I actually encourage all writers to cultivate a sense of boredom.
That way you’ll know when your writing is just not that interesting.
I recently read a novel (well, not all of it) in which the author gave a long detailed description of a man eating a peach–how the knife cut it into slices, the color and texture of the peach and the way it tasted. I read every word because I was sure it had something to do with the story.
I suppose it might be interesting to someone who never saw or eaten a peach. If all she wrote was “the man sat down and ate a peach” my mind would have filled in the blanks, knowing full well what it is like to eat a peach.
OK now, before I start to get boring on the subject of peach eating, this post is really about the challenge of writing a historical novel based on the life and times of Saint Francis of Assisi.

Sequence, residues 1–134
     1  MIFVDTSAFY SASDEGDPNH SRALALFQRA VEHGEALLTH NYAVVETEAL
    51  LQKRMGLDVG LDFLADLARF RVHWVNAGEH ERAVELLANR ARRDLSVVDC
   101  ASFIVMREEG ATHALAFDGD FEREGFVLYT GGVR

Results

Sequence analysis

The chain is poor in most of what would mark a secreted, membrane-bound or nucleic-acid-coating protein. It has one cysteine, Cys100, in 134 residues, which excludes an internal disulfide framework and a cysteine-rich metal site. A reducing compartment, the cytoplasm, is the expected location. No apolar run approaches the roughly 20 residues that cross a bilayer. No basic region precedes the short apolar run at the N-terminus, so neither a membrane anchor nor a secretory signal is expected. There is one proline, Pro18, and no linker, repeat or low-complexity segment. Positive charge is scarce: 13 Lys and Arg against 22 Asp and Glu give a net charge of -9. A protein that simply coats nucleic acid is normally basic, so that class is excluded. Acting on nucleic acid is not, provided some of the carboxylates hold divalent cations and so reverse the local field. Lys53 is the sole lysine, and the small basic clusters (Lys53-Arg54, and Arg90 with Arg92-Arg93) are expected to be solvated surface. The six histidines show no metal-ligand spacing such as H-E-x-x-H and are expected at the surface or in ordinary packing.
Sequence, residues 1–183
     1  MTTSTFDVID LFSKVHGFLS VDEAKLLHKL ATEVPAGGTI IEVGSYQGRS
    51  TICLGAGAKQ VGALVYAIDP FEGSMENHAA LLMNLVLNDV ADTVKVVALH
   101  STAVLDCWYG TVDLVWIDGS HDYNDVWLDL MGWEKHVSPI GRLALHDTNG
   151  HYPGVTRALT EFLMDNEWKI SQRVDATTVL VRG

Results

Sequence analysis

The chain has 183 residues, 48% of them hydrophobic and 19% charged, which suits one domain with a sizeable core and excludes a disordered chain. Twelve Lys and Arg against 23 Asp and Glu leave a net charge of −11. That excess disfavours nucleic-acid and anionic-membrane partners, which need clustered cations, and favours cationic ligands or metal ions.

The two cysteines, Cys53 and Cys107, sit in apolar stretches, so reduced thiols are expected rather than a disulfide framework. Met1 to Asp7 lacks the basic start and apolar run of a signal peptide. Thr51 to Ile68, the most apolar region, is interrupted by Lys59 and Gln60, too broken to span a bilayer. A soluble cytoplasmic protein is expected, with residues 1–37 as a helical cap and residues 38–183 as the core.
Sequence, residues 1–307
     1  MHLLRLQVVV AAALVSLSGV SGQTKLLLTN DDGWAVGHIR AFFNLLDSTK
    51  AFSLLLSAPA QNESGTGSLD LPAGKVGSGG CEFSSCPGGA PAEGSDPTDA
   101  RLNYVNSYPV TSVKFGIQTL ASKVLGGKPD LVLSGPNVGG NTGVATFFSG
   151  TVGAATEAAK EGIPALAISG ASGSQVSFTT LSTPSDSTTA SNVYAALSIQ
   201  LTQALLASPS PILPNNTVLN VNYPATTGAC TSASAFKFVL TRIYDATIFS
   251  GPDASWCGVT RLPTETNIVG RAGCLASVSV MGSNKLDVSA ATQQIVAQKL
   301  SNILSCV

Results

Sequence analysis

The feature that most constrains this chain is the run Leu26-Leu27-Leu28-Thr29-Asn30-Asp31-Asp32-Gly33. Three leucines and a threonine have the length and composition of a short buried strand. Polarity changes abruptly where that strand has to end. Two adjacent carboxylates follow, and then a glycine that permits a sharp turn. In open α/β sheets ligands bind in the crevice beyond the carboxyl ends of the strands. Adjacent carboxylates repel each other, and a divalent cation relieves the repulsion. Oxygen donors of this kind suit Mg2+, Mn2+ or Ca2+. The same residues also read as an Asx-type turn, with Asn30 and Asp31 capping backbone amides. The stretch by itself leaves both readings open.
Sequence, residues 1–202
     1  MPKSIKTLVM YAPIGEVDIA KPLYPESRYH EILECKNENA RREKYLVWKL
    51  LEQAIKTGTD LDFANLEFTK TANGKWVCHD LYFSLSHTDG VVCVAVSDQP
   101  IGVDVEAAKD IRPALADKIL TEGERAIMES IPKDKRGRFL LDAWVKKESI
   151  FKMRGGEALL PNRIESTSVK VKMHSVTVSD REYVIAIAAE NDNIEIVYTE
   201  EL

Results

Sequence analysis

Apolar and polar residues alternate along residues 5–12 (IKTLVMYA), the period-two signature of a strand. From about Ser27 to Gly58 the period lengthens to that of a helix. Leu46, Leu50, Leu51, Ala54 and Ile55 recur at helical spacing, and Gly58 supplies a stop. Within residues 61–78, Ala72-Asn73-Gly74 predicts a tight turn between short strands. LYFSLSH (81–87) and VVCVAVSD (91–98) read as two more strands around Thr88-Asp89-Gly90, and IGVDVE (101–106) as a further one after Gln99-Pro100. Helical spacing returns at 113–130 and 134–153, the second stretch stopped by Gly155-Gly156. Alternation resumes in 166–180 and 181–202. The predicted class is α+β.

I just threw out an entire chapter because it was boring. Being overly concerned with the historical facts stifled my creativity. I had to remind myself that I wasn’t writing a history text book or an unauthorized biography but using another person’s life as a symbol. The greater challenge is to write something that will present a fresh perspective rather than a rehash of everything that’s been previously written.
So, I have to trust my boredom instincts. If I’m bored by my own writing, so will the reader.